Nature’s Head Composting Toilet Review

Nature’s Head Composting Toilet Review

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The Nature’s Head composting toilet really made our full-time vanlife much more enjoyable. We’ve been using it full time in our van conversion since September 2017, so it’s time to have a discussion about this relieving device!

Composting Toilet Natures Head Man in a Van
They predicted we could fly with our car, turned out way better…
It’s a toilet! It’s a couch! It’s a supertoiletcouch!

Introduction to Nature’s Head Composting Toilet

Does it smell?

No! Sewage smell is the result of the liquid and solid being mixed together. If you’ve ever used a dry toilet (such as a hole-in-the-ground toilet at trailhead), you know what we’re referring to! The Nature’s Head composting toilet is designed to separate the solid and the liquid; thus, there is no sewage smell:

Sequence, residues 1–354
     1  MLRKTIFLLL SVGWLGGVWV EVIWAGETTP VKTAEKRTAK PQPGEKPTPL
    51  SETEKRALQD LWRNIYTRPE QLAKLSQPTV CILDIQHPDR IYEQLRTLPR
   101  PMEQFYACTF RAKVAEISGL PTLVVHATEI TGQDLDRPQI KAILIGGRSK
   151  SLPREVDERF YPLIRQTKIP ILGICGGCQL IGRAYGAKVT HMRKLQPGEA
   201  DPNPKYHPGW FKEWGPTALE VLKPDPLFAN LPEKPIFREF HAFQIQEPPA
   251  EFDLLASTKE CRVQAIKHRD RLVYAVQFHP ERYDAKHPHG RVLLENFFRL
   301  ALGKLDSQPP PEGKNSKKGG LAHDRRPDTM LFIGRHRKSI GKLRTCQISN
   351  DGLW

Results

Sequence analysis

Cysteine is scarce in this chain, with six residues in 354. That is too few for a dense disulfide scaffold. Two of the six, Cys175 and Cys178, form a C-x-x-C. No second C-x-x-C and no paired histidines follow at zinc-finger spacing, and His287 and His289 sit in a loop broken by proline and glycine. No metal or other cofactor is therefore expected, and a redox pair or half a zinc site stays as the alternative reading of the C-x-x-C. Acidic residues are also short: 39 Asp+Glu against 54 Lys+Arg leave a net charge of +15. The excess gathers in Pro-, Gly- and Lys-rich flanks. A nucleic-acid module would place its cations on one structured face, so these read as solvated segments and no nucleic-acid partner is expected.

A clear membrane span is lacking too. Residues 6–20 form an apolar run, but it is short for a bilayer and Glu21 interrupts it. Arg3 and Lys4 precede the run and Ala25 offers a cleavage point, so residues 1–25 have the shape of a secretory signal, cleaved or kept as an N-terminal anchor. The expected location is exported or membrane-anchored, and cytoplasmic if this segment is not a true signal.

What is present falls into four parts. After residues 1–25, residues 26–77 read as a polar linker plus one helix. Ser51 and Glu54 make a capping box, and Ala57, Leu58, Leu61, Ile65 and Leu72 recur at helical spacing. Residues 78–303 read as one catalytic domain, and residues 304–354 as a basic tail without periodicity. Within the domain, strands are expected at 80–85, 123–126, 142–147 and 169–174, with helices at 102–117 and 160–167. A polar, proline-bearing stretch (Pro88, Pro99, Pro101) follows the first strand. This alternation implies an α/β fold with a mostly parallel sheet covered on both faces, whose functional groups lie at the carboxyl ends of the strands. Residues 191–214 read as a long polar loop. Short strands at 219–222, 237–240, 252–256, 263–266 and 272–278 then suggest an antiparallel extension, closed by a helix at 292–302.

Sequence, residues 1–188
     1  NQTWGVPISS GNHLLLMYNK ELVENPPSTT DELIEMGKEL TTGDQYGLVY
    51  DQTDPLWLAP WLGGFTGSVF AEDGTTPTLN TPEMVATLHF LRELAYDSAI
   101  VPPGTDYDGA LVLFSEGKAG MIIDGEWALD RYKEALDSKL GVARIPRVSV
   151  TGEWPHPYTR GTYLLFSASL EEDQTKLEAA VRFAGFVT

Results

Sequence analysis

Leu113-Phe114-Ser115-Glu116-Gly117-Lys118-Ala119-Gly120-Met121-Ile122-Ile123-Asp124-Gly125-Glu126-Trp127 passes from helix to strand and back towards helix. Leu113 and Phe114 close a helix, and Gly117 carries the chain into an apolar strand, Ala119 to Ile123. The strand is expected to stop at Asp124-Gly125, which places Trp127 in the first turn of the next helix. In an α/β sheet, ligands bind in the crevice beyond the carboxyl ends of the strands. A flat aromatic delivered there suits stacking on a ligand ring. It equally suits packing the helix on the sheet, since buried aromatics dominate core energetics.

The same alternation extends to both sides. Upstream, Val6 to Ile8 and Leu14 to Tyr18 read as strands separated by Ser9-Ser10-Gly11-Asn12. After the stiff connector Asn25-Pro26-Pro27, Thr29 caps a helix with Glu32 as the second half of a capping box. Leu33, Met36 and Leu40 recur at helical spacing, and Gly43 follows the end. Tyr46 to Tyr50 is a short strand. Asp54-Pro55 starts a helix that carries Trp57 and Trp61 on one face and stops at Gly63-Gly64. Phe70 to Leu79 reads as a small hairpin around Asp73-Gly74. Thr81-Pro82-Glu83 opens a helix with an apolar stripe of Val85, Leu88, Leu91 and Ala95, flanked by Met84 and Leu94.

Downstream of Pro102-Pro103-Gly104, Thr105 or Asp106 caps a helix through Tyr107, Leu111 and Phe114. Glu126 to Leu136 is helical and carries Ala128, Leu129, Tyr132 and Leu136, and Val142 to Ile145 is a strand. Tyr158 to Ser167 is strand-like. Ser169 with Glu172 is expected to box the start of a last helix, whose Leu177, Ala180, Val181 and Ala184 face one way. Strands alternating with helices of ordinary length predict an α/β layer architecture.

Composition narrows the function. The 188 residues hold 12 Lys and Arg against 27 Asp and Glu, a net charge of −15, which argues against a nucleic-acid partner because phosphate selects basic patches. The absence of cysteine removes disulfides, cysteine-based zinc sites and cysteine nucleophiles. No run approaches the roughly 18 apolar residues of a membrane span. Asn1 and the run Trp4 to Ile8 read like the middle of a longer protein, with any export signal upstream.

So no odor?!

There is NO odor in the van, but we’re not saying the solid tank produces ZERO odor. If you plunge your head into the solid tank, you will smell something we can best describe as a “soil” or “earthy” smell: nothing like poop smell, really, it does NOT smell like sh*t.

This “soil” or “earthy” smell is evacuated by a small fan that constantly pulls a small volume of air from the solid tank to the exterior of the van. The fan will also pull (most of) the odor out of the van while doing a number 2 🙂 The fan only draws 0.1 Amp, that’s almost nothing.


What’s in the solid tank as composting medium?

There are two options here: